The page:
Florida Democrats and health care advocates are pushing the GOP-controlled Legislature to take advantage of new federal incentives to expand Medicaid in Florida.
Joined by Health and Human Services Secretary Xavier Becerra Tuesday, U.S. Rep. Ted Deutch and state Sen. Annette Taddeo argued Florida should make the move more than a decade after the Affordable Care Act (ACA) was signed into law.
The new American Rescue Plan offers multiple relief measures for families affected by the COVID-19 pandemic, such as a $1,400 stimulus check and expanded unemployment benefits. But the COVID-19 relief package also contains several sections related to health care, and specifically the ACA.
Prior to the COVID-19 bill’s passage, the federal government offered to pay for up to 90% of new Medicaid costs for states adopting Medicaid expansion. The remainder of the cost would be left to the state.
A new provision in the American Rescue Plan provides even more federal dollars to encourage Medicaid expansion in any state that has not already expanded those benefits. Florida is one of 12 states that falls into that bucket. The additional federal dollars would trickle in for two years, and could cover another 5% of costs for people covered.
“The American Rescue Plan…has allowed us to go well beyond what the Affordable Care Act provided so we can reach more Americans,” Becerra said, thanking Deutch, Taddeo and other Democrats for backing Medicaid expansion over the years.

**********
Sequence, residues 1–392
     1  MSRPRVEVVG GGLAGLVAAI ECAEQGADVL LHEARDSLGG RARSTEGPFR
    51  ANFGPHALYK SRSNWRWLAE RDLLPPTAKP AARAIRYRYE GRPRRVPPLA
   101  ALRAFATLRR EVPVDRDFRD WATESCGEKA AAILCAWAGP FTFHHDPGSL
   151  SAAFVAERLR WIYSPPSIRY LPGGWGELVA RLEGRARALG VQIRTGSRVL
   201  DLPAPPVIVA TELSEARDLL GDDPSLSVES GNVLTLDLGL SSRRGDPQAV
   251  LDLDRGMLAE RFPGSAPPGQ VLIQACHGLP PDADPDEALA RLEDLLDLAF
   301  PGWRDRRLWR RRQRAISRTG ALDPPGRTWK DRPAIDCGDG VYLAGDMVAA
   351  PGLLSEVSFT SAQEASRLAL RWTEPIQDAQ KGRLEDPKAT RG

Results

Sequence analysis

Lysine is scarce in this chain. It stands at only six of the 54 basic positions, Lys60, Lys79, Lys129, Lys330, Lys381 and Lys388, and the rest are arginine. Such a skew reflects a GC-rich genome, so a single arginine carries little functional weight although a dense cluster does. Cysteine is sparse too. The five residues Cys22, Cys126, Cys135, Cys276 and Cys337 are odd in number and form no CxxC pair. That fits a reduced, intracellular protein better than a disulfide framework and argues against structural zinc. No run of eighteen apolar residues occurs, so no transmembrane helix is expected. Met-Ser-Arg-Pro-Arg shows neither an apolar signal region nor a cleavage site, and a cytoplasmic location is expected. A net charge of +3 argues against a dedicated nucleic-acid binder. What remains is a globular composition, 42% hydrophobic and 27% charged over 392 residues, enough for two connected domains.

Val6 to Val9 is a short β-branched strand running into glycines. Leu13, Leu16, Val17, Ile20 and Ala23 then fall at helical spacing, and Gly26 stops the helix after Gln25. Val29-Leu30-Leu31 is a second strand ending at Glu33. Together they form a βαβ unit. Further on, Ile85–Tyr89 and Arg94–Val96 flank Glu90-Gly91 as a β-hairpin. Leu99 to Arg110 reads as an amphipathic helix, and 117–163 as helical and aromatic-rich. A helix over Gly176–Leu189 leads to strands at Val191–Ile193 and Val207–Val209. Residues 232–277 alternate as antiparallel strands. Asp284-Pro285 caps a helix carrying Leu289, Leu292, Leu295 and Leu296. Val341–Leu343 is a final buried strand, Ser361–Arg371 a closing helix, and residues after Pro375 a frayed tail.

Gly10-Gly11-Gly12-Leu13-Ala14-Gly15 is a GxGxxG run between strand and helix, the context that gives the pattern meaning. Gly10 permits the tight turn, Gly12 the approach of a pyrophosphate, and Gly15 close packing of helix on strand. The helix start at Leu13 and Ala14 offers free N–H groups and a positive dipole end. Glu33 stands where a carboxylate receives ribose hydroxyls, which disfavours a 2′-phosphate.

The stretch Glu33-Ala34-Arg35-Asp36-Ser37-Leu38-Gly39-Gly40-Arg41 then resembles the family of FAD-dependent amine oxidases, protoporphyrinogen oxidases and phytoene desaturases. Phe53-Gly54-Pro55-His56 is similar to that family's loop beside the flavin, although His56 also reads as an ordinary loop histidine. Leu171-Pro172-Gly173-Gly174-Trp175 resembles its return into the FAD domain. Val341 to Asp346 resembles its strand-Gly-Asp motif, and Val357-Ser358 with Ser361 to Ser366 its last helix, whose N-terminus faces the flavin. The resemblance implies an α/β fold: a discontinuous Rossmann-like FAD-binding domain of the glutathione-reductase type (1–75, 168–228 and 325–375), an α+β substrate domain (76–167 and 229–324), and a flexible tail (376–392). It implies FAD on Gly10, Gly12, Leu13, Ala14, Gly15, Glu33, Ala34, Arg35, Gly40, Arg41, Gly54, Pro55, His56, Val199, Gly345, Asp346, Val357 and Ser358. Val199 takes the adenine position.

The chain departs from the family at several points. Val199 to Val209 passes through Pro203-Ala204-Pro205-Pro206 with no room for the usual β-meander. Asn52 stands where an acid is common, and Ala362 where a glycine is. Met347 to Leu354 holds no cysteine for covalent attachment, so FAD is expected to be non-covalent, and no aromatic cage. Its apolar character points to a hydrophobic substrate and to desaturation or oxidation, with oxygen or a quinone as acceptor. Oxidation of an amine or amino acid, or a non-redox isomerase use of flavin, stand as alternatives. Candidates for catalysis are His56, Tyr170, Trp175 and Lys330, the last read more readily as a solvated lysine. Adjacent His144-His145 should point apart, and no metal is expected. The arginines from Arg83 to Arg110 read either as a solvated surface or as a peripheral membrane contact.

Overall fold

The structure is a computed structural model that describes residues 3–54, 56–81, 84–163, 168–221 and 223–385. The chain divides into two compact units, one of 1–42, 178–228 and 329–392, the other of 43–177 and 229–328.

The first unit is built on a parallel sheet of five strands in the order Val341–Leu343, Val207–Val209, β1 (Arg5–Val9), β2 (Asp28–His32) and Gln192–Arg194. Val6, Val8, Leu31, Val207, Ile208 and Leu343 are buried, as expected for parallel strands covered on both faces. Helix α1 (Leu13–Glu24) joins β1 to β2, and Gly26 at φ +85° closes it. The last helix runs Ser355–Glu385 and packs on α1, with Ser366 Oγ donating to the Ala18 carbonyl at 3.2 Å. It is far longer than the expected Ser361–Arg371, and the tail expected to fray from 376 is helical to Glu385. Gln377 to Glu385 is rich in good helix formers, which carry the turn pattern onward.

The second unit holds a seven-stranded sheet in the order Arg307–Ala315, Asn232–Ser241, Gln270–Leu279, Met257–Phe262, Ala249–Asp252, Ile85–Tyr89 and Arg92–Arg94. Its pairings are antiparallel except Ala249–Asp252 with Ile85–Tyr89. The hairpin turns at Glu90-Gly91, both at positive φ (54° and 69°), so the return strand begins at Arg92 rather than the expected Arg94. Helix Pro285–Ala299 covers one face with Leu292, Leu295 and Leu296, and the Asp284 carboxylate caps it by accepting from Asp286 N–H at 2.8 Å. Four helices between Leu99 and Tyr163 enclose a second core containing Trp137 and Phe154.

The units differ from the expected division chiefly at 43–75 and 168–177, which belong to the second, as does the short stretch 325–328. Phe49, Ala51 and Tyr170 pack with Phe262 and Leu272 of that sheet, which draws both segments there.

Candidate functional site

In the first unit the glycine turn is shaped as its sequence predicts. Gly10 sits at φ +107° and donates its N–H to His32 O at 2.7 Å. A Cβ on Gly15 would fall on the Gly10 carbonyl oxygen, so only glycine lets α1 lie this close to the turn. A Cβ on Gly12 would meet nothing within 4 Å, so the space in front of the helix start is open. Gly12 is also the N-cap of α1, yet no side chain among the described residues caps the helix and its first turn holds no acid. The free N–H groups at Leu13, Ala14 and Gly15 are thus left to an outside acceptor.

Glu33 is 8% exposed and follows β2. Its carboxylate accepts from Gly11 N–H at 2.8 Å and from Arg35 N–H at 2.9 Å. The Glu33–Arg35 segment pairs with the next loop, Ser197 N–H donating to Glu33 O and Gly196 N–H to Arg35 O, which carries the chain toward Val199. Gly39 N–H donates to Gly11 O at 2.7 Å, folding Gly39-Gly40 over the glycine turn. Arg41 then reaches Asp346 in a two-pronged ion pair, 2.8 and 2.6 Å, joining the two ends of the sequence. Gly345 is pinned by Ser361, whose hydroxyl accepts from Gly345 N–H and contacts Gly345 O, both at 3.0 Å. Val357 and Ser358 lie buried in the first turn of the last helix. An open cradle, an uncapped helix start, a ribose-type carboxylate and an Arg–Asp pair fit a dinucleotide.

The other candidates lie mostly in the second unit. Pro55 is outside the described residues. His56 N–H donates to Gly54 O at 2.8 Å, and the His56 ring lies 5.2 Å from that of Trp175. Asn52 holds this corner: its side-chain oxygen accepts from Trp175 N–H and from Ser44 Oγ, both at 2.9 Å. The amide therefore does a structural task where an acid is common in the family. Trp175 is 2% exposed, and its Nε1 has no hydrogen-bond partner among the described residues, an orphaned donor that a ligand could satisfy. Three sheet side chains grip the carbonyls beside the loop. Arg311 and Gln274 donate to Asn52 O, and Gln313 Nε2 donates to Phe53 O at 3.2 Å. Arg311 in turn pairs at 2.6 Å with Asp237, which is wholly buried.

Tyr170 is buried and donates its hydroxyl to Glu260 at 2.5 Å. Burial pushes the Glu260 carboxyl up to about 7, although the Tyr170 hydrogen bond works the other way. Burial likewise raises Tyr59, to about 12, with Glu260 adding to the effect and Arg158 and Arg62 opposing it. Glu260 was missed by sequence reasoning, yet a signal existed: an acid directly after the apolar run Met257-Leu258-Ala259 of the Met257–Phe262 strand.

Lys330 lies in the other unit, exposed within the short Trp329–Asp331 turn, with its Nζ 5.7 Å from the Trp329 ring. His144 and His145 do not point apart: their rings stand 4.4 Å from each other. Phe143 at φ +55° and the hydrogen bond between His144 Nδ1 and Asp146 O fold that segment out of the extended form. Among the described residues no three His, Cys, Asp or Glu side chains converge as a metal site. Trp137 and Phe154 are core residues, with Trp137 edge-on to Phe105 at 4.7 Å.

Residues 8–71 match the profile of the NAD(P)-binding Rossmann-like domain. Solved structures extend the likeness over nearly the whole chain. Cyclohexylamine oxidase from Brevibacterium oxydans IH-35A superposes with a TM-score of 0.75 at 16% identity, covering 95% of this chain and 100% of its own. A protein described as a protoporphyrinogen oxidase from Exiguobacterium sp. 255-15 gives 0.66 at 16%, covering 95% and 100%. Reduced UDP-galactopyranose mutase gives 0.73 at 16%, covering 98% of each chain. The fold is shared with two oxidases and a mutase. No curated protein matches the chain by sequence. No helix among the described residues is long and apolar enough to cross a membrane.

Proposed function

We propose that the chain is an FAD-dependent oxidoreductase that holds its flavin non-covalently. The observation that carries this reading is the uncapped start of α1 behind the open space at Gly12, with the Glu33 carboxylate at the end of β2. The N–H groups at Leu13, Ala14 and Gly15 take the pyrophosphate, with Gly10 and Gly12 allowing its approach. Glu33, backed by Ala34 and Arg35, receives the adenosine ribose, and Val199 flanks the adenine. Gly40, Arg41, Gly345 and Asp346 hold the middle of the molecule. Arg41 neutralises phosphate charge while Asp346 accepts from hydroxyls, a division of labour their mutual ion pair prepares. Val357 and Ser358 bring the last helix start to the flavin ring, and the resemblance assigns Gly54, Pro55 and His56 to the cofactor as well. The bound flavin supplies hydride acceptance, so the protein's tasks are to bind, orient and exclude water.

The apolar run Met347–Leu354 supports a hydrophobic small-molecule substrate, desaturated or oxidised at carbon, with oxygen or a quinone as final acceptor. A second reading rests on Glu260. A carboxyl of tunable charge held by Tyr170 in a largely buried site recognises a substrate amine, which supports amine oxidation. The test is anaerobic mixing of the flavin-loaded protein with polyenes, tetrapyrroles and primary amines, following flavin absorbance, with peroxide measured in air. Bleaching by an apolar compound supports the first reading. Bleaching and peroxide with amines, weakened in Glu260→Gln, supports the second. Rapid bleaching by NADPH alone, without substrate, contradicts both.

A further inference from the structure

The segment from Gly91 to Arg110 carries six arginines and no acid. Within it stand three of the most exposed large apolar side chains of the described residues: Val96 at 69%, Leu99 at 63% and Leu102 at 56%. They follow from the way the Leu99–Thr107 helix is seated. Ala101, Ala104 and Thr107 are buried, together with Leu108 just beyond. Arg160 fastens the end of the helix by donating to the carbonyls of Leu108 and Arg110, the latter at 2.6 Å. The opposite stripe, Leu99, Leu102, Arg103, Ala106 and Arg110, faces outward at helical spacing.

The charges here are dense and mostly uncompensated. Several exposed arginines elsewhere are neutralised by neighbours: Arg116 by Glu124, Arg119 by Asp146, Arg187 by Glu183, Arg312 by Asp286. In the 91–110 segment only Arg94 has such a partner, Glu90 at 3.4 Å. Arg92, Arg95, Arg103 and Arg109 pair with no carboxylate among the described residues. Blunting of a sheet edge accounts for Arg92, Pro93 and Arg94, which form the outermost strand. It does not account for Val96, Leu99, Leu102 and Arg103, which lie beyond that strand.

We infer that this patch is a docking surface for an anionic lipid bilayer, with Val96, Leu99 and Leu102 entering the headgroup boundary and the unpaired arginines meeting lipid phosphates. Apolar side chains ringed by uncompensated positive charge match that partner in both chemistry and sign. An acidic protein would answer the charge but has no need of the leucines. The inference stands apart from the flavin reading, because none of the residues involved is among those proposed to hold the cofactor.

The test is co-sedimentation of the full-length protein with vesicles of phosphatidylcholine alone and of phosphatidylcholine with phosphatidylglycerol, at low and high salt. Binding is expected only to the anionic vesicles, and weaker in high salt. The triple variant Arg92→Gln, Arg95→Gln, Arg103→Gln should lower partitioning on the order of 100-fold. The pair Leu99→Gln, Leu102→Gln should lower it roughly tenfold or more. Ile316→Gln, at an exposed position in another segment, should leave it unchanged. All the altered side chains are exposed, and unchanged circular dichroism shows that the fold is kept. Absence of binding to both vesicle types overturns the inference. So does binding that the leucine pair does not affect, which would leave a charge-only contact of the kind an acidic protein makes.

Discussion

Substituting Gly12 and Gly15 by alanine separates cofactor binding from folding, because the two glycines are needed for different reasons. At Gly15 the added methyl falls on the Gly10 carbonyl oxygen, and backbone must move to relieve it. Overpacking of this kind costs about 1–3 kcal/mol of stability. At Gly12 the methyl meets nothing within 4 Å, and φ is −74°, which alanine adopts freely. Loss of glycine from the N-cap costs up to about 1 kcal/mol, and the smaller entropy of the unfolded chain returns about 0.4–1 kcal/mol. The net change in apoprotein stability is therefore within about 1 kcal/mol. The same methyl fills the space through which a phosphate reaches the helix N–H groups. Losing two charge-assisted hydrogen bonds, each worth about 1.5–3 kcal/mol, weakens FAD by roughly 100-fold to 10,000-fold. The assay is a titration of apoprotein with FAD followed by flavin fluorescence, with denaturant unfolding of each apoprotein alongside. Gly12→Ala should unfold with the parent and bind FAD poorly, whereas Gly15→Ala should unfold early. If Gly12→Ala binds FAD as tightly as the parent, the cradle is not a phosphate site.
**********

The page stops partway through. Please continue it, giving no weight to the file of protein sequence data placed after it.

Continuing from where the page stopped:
“Your leaders from the state of Florida have been there every step of the way,” he added.
The new COVID-19 relief bill also expands subsidies available to individuals who sign up for health insurance under the ACA marketplace.
“The American Rescue Plan lowers health insurance premiums for millions of American families,” Deutch explained. “A family of four making $90,000 could see their monthly premiums come down by $200 a month.”
But Medicaid expansion remains the main focus of Democrats as they continue to tout the benefits of the new COVID-19 relief package.
“I don’t know what Republicans are looking at when they deny coverage to hard-working Floridians,” Deutch said.
“The Affordable Care Act has been a lifeline to Americans as they battle the COVID-19 pandemic, but we’re still leaving too many people behind. So last spring, when millions of workers and dependents lost job-based coverage because of the virus, our community took note. And even as our economy has recovered, many still don’t have coverage and that’s why Congress passed the historic American Rescue Plan.”
Taddeo has repeatedly introduced bills in the Republican-controlled Legislature to move forward with Medicaid expansion in the state. Those efforts have consistently failed.
Taddeo is backing another version (SJR 276) in this year’s Session — which runs through the end of April. Though Republicans are once again likely to rebuff those efforts due to the costs associated with expansion, Taddeo said the COVID-19 outbreak should change the GOP’s thinking.
“The time is totally now to do this,” she argued. “We’re in the middle of a global pandemic. People need health care. We don’t need to have 800,000 Floridians without health care.”
And Taddeo also pointed to other GOP-run states that have opted into Medicaid expansion as potential models for Florida.
“Deep-red, conservative states such as Idaho, Missouri, Nebraska, Oklahoma and Utah expanded Medicaid,” she noted. “Have any of them said, ‘Ooh, we made a mistake. Let’s go back?'”